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Comparative Income Taxation Database (CITD)


The Comparative Income Taxation Database consists of yearly data on the top marginal income tax rate for a legal individual, and includes the amount from which the top marginal rate applies, what law governs the taxation, and the source of this information (law or consulted literature). The sample included in the data set consists of 20 countries. The time period covered for each country is 1800 (or independence) to 2010. A country is considered to have adopted a modern income tax system if an independent government levies taxes yearly on comprehensive and directly assessed forms of personal income.

Principal Investigator: 
Federica Genovese
Kenneth Scheve
David Stasavage
How to Cite this Dataset: 

Genovese, Federica, Kenneth Scheve, and David Stasavage. 2016. Comparative Income Taxation Database. [Computer file]. Stanford, CA: Stanford University Libraries. ‹›.

Scheve, Kenneth, and David Stasavage. 2016. Taxing the Rich: A History of Fiscal Fairness in the United States and Europe. Princeton and New York: Princeton University Press and Russell Sage Foundation.


Data for each country include six data fields. These fields are:

(i) Year - The calendar year. When a law was passed in the first half of the year (i.e., from January 1 to June 30), we coded the law as applying to the entire year in which it became effective. If a law was passed in the second half of the calendar year, i.e., from July 1 to December 31, we coded it as taking effect only in the subsequent year. In the case in which we have information on a rate but no access to the law that enforced such rate (e.g. when our knowledge is limited to secondary literature that does not report the enforcement date) we assume that this law was passed in December of the previous year, as it is tradition in many countries where financial legislation occurs at the end of the year before a financial bill is enacted.

(ii) Top rate in % - The top rate in percent is the highest marginal rate of the direct tax that an independent government levies yearly on comprehensive and directly assessed forms of personal income. We concentrate on the statutory rate. If there are several taxes that affect income taxation (say, when there are mixed capital and income revenue duties or when there are surcharges), the top rate reflects the combined burden arising from all these taxes taken together. The top marginal rate refers only to the national (or federal) tax. We report information on the legislation and additional local rates and sub-central tax policies in the codebook.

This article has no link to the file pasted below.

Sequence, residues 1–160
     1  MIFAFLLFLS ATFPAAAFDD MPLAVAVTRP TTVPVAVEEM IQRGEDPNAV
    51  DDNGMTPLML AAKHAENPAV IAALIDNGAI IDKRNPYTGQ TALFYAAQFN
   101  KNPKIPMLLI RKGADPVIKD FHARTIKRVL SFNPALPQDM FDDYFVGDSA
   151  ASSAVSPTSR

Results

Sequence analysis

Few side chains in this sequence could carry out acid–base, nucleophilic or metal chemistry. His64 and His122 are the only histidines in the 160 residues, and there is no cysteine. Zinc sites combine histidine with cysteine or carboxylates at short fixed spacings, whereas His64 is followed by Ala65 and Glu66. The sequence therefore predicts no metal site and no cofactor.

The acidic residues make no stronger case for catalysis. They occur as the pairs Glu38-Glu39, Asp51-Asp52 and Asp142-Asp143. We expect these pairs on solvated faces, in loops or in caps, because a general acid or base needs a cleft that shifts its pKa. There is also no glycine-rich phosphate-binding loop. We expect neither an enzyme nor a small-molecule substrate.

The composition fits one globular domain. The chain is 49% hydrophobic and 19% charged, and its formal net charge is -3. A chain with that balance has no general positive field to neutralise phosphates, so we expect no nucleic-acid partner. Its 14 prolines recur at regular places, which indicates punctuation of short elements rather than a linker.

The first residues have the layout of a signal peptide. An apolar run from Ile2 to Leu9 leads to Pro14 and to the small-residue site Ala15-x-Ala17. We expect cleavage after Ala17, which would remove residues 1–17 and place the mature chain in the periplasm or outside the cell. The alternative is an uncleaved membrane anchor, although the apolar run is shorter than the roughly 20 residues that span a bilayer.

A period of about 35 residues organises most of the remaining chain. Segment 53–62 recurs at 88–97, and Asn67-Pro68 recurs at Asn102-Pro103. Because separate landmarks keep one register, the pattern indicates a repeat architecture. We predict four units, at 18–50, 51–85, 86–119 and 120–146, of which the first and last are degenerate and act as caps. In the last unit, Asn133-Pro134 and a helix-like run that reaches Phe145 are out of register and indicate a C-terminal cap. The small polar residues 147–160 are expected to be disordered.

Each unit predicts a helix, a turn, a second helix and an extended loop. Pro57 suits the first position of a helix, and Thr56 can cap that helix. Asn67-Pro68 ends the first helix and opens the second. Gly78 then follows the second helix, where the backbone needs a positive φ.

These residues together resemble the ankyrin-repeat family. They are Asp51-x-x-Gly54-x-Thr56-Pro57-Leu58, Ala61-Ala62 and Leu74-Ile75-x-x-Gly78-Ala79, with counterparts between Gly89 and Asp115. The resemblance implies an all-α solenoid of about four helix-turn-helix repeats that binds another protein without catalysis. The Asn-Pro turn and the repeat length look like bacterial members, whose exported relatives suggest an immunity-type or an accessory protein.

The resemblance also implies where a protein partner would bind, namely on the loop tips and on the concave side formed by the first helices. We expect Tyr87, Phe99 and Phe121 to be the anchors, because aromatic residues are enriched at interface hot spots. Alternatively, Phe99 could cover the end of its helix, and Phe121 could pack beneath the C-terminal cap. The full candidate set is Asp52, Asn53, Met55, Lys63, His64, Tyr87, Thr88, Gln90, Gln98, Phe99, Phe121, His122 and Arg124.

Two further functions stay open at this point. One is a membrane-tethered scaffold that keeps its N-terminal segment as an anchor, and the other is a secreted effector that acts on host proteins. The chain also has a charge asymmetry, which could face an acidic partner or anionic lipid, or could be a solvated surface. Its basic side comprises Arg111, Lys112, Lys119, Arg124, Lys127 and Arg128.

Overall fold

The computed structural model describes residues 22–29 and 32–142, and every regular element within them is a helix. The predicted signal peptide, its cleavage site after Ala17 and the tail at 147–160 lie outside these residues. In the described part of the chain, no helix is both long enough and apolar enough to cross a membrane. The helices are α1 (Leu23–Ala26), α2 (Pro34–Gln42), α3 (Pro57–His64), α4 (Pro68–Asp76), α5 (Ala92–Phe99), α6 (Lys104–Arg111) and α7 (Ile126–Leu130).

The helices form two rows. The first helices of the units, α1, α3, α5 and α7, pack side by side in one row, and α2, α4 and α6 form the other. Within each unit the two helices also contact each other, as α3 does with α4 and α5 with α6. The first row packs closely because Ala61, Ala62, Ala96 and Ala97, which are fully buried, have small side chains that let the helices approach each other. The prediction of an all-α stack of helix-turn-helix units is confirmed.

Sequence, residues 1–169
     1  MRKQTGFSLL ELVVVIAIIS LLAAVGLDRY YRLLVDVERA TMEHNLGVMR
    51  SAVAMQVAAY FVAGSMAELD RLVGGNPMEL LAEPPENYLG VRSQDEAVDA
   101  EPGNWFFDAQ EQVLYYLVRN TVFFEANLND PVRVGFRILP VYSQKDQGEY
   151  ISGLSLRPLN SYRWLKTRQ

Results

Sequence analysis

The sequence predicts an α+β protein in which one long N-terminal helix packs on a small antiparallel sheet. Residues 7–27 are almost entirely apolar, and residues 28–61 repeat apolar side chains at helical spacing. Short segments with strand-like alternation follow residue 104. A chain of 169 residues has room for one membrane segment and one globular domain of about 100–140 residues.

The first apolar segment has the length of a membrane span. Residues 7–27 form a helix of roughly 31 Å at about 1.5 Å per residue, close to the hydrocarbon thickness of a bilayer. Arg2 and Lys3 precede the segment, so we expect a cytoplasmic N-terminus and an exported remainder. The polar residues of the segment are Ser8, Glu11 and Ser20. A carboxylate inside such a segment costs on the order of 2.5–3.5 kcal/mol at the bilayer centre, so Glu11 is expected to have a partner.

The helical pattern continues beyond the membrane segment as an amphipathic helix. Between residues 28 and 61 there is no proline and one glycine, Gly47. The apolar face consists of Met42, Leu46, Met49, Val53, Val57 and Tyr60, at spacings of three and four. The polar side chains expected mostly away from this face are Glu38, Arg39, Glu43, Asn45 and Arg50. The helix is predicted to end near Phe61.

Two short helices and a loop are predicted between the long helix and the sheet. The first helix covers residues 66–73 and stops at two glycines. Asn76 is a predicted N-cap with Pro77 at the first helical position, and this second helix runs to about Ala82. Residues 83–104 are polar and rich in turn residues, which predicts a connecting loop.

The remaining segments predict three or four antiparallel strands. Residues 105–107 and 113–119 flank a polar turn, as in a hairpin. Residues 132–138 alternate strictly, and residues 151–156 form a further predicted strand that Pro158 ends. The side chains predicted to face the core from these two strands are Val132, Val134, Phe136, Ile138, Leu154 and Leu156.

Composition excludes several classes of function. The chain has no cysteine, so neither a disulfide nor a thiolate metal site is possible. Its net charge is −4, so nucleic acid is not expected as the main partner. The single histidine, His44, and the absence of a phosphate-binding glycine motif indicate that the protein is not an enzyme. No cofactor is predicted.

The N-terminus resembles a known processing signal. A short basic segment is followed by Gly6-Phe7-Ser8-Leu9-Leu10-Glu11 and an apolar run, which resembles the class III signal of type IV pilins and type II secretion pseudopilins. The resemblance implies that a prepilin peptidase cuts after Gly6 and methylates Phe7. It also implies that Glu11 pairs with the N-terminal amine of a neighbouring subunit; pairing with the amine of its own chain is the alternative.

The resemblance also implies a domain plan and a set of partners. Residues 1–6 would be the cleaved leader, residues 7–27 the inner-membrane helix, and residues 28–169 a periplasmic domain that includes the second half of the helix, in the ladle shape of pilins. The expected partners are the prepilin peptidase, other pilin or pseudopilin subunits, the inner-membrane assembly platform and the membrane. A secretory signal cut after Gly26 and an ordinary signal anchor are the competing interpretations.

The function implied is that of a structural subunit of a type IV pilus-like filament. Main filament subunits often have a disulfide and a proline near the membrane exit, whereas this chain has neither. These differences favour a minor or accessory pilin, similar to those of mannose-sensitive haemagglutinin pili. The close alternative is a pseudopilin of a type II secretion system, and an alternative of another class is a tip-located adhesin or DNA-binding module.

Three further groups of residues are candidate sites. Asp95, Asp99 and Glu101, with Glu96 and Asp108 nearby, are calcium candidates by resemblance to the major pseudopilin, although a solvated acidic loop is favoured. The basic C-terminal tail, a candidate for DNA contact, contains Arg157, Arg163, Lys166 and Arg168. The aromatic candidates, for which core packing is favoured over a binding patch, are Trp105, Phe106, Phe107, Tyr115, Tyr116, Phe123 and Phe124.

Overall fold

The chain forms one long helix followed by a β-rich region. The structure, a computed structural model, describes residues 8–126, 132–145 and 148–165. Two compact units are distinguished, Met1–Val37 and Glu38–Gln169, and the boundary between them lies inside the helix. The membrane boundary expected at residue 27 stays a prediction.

(iii) Top rate applies from - The amount at which the top marginal tax rate becomes effective.

(iv) Applicable law - Name of the law(s) that governs income taxation or introduces changes. Laws that do not affect the top marginal rate (e.g. revisions to the income brackets to adjust tax to inflation) or laws already in "top rate applies from" are not listed.

(v) Source - Source where the information provided in (i)-(iv) can be found.

(vi) Comments - Provides relevant additional information, if any.


This dataset was compiled with research assistance from Michael Aklin, Quintin Beazer, Laurens Defau, Aaron Egolf, Marko Karttunen, Risa Kitagawa, Krista Ryu, and Rory Truex. We also thank Debasis Bandyopadhyay (New Zealand), Wantje Fritschy (Netherlands), Egbert Jongen (Netherlands), Anton Rainer (Austria), Muireann Toibin (Ireland), Daniel Waldenstrom (Sweden), Nico Wilterdink (Netherlands) for data and consultation.

Yearly data on the top marginal income tax rate for a legal individual from 1800 (or independence) to 2010 in the following countries: Australia, Austria, Belgium, Canada, Denmark, Finland, France, Germany, Ireland, Italy, Japan, Netherlands, New Zealand, Norway, South Korea, Spain, Sweden, Switzerland, United Kingdom, United States.
Unit of Analysis: 
Type of data collection: 
Historical comparative data
Time span: 
Time of data collection: 
Sample description: 

Data were collected from legislative archives and secondary literature.

Data Download Link(s)
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  1. The data I download from the Data Archive will not be used to identify individuals.
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  4. I will cite the data appropriately.
    (See each data page for its bibliographic citation.)

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News Coverage: 

Kenneth Scheve and David Stasavage (2013) “Is the Estate Tax Doomed?” . New York Times March 24th.